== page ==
Applied Mathematics
The Department of Applied Mathematics in the College of Arts and Sciences offers a BS degree in applied mathematics through the College of Engineering and Applied Science. The BS degree is designed to prepare graduates for exciting and diverse professional careers, and for graduate study in a wide variety of disciplines. The department also offers both an MS degree and a PhD degree through the Graduate School.
The objectives of the Department of Applied Mathematics at CUBoulder are summarized below:
 provide undergraduate and graduate students with highquality education and training in applied mathematics, and prepare them for careers in industry, laboratories, and the academic professions;
 offer and monitor degree programs leading to BS, MS, and PhD degrees in applied mathematics;
 nourish and maintain a professional environment in which excellence in teaching, learning, scholarship, and creativity are of central importance;
 assure teaching and research expertise in a number of key areas of applied mathematics including the methodology of applied mathematics, computational mathematics and algorithms, industrial applications, mathematical biology, applied probability, and statistics.
Courses at the undergraduate level provide training in a broad range of mathematical techniques and problemsolving strategies. These courses teach the concepts and methods central to applications of linear algebra, ordinary and partial differential equations, numerical analysis, probability and statistics, complex variables, and nonlinear dynamics. Since applied mathematicians often are involved in interdisciplinary work, the BS degree requires an indepth knowledge of some area of science or engineering where mathematics is used. This knowledge prepares graduates to successfully communicate and cooperate with engineers and scientists. The BS degree also requires knowledge of a programming language and skill in using the computer.
Desired Outcomes
The undergraduate degree in applied mathematics emphasizes knowledge and awareness of:
 differential and integral calculus in one and several variables;
 vector spaces and matrix algebra;
 ordinary and partial differential equations;
 at least one programming language;
 at least one application software package in either mathematics or statistics;
 methods of complex variables as used in applications; and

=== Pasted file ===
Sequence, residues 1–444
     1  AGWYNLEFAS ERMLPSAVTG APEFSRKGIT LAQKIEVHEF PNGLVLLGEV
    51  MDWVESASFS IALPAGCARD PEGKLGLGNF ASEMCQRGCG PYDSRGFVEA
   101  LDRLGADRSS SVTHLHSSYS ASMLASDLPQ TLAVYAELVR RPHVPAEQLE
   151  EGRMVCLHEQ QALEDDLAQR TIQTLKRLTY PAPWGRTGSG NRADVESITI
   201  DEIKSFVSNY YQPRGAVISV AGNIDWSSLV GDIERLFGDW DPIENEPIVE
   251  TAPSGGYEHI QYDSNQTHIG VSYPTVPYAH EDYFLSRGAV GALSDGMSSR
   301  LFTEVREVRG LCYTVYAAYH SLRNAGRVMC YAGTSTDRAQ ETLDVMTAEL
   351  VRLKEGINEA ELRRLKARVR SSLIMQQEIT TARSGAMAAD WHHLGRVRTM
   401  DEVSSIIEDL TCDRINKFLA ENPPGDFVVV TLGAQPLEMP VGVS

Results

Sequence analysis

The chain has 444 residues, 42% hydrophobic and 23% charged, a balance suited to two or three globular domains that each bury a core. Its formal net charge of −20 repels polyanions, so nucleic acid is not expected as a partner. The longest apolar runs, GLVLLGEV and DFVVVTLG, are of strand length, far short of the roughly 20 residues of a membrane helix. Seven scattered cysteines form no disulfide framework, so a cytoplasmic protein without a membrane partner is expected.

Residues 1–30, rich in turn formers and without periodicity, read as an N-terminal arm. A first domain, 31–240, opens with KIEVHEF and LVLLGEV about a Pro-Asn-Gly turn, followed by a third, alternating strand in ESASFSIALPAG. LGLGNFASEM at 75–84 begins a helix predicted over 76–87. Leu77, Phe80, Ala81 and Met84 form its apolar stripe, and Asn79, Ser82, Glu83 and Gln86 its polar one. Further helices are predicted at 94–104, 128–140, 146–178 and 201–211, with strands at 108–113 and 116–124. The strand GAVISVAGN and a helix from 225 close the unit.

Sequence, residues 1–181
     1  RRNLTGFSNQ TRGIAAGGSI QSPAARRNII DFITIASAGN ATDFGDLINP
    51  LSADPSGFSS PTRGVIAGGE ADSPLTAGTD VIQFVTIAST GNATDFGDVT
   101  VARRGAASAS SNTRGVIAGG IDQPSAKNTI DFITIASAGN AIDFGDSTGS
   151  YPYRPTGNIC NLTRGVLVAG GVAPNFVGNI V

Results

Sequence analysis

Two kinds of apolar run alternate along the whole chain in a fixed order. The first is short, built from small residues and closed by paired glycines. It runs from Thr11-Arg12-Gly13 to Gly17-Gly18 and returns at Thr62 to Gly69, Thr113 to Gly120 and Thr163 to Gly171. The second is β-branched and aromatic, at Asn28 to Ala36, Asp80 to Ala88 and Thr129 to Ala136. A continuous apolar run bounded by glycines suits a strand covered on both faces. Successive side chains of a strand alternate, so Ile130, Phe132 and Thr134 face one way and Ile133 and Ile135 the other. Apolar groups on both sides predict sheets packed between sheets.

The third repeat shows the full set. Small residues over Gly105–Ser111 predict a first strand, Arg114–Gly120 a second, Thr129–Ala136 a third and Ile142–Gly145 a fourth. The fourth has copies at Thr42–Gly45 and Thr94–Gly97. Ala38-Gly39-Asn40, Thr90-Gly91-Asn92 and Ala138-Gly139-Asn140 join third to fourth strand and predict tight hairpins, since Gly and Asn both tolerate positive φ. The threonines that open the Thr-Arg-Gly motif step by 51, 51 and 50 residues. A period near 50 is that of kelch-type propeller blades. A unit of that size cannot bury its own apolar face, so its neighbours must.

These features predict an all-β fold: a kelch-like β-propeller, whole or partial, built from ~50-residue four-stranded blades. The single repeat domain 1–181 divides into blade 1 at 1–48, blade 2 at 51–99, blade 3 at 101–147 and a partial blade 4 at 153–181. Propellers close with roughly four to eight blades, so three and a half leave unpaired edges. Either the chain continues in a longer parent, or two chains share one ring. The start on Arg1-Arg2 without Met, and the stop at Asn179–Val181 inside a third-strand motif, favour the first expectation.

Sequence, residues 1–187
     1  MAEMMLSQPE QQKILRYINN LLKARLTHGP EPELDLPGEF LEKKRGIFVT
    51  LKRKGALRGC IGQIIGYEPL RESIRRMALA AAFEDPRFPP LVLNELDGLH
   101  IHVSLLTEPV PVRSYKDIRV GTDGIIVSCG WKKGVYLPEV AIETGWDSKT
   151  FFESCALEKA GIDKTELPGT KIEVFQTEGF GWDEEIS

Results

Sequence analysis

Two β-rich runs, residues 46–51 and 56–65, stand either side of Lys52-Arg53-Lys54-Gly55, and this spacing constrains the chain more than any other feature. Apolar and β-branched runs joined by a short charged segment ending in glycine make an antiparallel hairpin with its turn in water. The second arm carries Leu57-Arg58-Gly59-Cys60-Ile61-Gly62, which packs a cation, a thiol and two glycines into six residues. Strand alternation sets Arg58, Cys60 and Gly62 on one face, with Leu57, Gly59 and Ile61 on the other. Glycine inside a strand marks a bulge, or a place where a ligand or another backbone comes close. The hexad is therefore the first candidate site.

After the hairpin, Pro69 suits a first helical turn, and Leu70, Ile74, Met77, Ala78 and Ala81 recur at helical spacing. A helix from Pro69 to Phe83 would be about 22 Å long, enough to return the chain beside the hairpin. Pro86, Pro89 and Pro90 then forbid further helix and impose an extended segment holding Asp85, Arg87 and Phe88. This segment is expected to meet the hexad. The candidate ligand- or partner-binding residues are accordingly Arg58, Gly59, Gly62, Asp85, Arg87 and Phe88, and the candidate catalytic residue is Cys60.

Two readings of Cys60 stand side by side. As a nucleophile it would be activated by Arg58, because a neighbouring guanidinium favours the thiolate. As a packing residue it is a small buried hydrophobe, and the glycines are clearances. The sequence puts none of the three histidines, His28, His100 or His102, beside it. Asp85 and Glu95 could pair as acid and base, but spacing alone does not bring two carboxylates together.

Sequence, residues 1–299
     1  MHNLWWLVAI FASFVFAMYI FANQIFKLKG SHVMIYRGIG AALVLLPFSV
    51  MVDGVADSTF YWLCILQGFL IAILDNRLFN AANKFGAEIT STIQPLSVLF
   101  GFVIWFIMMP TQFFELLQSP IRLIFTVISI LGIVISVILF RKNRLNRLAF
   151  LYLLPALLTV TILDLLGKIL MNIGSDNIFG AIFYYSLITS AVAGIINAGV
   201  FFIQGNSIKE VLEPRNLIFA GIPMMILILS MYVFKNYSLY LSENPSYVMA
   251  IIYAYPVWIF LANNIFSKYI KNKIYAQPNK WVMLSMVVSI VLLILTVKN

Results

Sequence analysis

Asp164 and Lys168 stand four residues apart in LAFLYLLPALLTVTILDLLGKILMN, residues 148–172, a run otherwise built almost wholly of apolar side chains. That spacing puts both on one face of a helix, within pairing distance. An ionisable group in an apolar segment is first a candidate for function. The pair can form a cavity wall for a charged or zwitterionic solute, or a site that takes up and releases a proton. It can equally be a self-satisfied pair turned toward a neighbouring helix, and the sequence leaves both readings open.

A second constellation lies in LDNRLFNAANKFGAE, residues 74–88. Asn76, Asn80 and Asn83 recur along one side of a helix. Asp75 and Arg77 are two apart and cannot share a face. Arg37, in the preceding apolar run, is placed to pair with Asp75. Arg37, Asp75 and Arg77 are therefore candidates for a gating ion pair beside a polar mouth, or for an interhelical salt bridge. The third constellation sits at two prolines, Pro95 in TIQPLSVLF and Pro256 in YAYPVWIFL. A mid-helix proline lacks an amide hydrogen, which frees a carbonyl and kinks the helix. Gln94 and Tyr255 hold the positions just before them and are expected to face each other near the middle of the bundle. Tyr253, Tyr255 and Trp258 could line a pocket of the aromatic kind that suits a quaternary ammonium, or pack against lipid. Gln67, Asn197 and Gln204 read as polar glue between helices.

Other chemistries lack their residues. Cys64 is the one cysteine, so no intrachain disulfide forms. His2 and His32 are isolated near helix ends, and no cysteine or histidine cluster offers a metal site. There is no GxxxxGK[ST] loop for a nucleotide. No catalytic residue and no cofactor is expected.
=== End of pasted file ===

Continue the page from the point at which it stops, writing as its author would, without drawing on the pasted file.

numerical solutions of linear and nonlinear problems.
In addition, students completing a degree in applied mathematics acquire:
 an indepth knowledge of an area of application (an engineering discipline or a natural science field or one of the quantitative areas of business and economics);
 knowledge of problemformulation, problemsolving, and modeling techniques and strategies central to applications; and
 the ability to communicate analytic arguments clearly and concisely in oral and written forms.
Minor Program
The department also offers a minor in applied mathematics that is available to all undergraduate students. A minor in applied mathematics indicates that a student has received indepth training in mathematical techniques and computational methods well beyond the training usually received by science and engineering majors.
Course code for this program is APPM.
Bachelor's Degree Program(s)
Bachelor’s Degree in Applied Mathematics
The BS degree in applied mathematics requires the satisfactory completion of a minimum of 128 credit hours as follows:
 Three semesters of calculus (APPM 1350, 1360, and 2350) with a minimum grade of C in each course.
 Computing experience (CSCI 1300 or GEEN 1300 or APPM 2750).
 Science requirement: completion of PHYS 1110, 1120, and 1140. Completion of at least 5 additional credits of chemistry or biology (including 2 credits of laboratory science), chosen from one of the following: CHEM 1221 and CHEN 1211; CHEM 1351; EBIO 1210, 1220, 1230, and 1240; or MCDB 1150, 1151, 2150, and 2151.
 Completion of the following required applied mathematics courses: APPM 2360; APPM 3310; APPM 4350 and 4360; APPM 4650; and APPM 4440 or MATH 3001 or 3140.
 A twosemester course sequence of applied mathematics or mathematics courses numbered 4000 or above in addition to APPM 4350 and 4360 (for example, APPM 4380 and 4390, APPM 4440 and 4450, APPM 4570 and 4580, APPM 4560 and 4520, APPM 4650 and 4660, or APPM 3570 and either APPM 4520 or 4560). Note: APPM 3570 is the only 3000level course that can be used to satisfy this requirement.
 A minimum of 24 credit hours in applied mathematics or mathematics courses numbered 3000 or above (including the required courses). No more than 3 credits of APPM 4840 may count toward these 24. No more than 6 credits of independent study are allowed for credit toward the BS degree in applied mathematics.